The human body is a network of complex mechanisms and consists of various organs. Probiotics are not just present in the digestive system but also reside in the mouth, skin, lungs, urinary tract, and vagina. The different host locations for probiotics are linked to their role involved in maintaining a healthy environment for the organ. For instance, the microflora in the oral opening helps prevent gum inflammation whereas the microflora in the vaginal cavity of females helps prevent genital yeast infections.

Another important thing to note is that the same group of microbes may be found in most organs but their functions vary. This variation is due to the species or strains present.

For example, Lactobacillus spp. found in human breast milk offers health-promoting factors to infants whereas Lactobacillus spp. Living In the vagina competes with other harmful microorganisms by inhibiting them from getting into contact with the epithelial cells of the area. Their mechanism works by producing lactic acid that kills or restricts the multiplication of bad bacteria.

Research on Probiotics

Certain rules and regulations are followed when research studies and testing are conducted on probiotics. These are,

  • The bacteria or microorganism used must be alive to work as a probiotic

  • The microbe should be evaluated completely to produce health benefits at the site of the host that is being targeted by the probiotic

  • The microbe used as a probiotic must be characterized and identified and given a taxonomical name.

  • The probiotics used must be safe to consume. This implies that all necessary tests must be conducted to evaluate the metabolic activities, antibiotic resistance, toxin production, side effects, or any after-effects of the microorganism strain used.

Future of Probiotics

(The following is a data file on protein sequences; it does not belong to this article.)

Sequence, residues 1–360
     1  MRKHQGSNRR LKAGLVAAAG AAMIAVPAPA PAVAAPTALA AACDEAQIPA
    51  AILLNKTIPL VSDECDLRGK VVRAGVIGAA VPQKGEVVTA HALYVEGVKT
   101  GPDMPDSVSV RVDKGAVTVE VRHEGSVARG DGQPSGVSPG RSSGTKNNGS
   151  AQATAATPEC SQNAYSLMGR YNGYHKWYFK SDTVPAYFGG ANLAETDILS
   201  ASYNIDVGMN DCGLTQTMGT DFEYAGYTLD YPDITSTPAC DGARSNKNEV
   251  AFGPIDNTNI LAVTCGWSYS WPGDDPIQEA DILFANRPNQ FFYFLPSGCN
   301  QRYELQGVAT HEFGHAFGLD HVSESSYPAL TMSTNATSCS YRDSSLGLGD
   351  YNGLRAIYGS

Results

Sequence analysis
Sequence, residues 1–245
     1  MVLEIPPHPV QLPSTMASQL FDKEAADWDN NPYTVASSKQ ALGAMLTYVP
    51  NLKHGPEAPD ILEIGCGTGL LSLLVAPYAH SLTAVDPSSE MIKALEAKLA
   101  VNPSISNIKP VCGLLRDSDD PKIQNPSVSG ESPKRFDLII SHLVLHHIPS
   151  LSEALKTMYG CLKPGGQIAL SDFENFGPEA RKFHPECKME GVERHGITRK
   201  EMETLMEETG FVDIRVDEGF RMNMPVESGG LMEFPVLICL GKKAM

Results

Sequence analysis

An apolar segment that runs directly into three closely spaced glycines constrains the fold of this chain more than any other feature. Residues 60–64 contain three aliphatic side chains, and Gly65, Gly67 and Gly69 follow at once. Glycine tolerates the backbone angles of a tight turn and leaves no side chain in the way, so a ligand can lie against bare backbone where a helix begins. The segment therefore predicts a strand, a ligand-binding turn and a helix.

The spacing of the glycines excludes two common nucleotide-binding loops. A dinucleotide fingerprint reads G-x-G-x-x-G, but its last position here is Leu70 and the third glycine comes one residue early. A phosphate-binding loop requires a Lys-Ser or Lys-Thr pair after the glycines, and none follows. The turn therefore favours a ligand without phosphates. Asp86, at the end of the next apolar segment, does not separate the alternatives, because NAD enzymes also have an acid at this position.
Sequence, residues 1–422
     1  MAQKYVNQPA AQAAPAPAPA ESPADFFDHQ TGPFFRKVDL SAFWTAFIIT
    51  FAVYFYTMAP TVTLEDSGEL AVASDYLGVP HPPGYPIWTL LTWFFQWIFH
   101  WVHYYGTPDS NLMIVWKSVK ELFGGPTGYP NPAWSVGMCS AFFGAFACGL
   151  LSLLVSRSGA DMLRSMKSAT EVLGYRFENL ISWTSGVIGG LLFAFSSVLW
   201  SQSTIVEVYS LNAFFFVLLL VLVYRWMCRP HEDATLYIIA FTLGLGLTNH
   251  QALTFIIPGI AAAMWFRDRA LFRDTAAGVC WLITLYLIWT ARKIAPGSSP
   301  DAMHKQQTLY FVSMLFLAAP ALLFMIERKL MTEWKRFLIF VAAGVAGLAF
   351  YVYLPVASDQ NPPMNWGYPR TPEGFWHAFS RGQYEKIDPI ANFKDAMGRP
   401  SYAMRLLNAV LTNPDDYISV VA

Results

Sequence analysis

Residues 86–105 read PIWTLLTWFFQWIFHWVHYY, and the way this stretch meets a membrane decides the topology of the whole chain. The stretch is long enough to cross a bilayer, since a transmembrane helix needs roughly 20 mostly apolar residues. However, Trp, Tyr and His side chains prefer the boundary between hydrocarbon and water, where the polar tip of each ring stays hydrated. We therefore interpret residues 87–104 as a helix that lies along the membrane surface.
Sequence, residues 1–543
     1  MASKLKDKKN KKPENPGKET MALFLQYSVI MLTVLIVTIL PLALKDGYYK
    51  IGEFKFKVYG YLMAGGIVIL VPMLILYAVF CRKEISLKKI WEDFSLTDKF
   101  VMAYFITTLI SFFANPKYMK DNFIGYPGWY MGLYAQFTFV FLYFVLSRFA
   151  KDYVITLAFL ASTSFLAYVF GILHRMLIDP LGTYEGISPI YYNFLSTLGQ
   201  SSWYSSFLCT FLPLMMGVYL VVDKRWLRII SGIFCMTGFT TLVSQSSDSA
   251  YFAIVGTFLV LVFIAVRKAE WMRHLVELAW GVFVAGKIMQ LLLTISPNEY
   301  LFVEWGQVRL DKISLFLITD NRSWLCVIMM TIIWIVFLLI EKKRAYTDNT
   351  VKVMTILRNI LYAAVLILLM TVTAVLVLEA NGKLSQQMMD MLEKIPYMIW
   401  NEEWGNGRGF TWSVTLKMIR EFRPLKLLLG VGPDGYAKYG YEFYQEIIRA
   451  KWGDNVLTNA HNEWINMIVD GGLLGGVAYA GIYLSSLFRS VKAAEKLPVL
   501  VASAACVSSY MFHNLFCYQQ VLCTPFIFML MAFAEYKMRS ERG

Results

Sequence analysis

The future of probiotics is promising and there is a growing interest in their potential health benefits. Research in this area is ongoing and new findings are continually emerging. It is expected that the use of probiotics will continue to increase in the coming years, especially as consumers become more aware of the impact that gut health can have on overall well-being. Additionally, advances in technology and manufacturing processes may make it easier to produce and distribute probiotics in the future. Probiotics have taken over the market of the health sector during the 21st century. The business has grown to the value of a billion-dollar industry. Consumption of probiotics has rapidly increased in the Asian, European, and American continents. Their health benefits have increased the demand for probiotic supplements and foods.


Probiotics have been consumed for their contribution to health. It has not caused any adverse effects as of yet but before adding probiotics to your diet, it is always recommended to consult a doctor.

Probiotics may cause side effects for people who have a weak immune system or suffer from other diseases. Sometimes, probiotic products may contain other microorganisms as well that may be due to contamination. These harmful microbes may cause infections. Also, there might be higher risks of antibiotic resistance gene transfers from microbe to microbe posing a threat to human health.

Updated on: 20-Mar-2023